The American Enterprise Institute (AEI) held an online discussion via Google Plus on the role of for-profit colleges and universities such as DeVry University or University of Phoenix.
Michael Horn of the Clayton Christensen Institute said that “a lot of literature that has been out there…has tended to being very biased” and therefore limits American’s understanding of for-profits and their roles in education. He said that for-profits “just do what they’re incentivized to do” and are responding to market pressures of enrollment, investors’ concerns and government regulations. Horn admitted that “they aren’t always virtuous” because of their business structure and having to rely on government loans for a majority of their revenue.
However, because of the availability of capital via investors, for-profits have “significantly more ability to attract capital” and “high quality talent” to their firms and continue to play “a significant role in the emergence of online learning” because of their propensity to respond quickly to market pressures such as supply and demand.
AEI resident scholar on education Andrew Kelly said that a majority of Americans of 75-80% are fine with contracting services to for-profits but “people start getting uncomfortable” when school management is discussed with relation to for-profits taking over schools. The majority becomes a minority of about 25% of Americans who want for-profits to take over management of schools.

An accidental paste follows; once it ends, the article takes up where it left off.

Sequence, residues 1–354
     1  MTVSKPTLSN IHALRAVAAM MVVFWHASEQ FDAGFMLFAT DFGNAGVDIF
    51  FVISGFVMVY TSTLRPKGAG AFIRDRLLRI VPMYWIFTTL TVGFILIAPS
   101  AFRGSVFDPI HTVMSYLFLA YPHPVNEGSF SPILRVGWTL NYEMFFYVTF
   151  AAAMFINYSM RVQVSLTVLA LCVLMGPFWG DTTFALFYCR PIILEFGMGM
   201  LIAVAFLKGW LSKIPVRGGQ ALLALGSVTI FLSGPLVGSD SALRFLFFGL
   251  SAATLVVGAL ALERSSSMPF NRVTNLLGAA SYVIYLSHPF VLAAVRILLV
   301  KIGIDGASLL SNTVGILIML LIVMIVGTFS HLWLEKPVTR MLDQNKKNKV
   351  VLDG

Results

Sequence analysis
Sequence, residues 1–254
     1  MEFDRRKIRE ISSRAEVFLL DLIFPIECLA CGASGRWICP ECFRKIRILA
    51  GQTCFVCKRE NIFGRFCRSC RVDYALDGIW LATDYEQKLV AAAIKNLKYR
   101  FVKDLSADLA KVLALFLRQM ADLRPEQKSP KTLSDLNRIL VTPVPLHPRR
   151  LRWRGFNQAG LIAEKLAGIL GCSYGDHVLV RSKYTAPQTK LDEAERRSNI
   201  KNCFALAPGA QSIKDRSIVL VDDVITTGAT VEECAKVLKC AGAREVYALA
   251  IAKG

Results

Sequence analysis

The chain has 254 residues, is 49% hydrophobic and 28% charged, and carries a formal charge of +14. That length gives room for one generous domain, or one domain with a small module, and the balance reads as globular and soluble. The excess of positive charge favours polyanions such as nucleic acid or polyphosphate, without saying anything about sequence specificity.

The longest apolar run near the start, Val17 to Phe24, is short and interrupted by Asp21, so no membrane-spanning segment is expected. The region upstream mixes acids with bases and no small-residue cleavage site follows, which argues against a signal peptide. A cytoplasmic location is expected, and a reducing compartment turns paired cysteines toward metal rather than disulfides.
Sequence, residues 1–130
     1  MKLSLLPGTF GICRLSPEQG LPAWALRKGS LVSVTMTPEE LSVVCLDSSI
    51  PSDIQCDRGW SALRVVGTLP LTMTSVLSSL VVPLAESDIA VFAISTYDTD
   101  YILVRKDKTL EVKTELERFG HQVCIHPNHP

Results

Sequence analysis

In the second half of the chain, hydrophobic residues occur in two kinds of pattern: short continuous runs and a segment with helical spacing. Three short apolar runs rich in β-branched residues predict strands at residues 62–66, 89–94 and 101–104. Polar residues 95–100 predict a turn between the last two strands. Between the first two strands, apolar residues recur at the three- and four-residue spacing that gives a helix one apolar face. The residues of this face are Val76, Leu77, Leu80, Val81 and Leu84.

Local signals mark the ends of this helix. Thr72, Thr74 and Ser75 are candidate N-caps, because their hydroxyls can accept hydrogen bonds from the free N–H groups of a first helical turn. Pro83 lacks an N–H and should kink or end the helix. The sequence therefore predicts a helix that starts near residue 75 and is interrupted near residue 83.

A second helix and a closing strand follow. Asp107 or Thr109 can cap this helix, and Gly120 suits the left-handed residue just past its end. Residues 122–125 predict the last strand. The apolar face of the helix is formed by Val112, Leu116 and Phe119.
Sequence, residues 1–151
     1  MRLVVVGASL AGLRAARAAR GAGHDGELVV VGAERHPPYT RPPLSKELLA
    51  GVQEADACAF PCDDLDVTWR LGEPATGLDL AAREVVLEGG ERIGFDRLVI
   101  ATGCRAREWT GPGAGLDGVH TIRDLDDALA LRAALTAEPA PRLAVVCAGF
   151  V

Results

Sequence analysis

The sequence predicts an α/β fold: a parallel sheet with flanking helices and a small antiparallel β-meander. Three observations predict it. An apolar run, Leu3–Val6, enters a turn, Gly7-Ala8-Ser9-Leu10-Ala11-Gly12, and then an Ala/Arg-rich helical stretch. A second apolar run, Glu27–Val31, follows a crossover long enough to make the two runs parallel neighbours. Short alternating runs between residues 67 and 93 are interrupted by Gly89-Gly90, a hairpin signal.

Kelly went on to say that for-profits are comparable to most schools and continue to increase access for those who typically would not have this kind of access to education. Also, he mentioned how there are some “rumblings from progressives about privatization” as education policy has come to the forefront. Yet, “these politics are not as simple as they seem or as simple as the op-eds in the Washington Post and The New York Times lead you to believe.”
Kelly said that “Democrats are willing to take compromise that wouldn’t, that doesn’t cost you a head-on collision with union interests.” The reason behind the lack of support of school management run by for-profits is that unions are afraid of the jobs and public money not being diverted to “our teachers, our membership,” Kelly argued.
Spencer Irvine is a staff writer at Accuracy in Academia.
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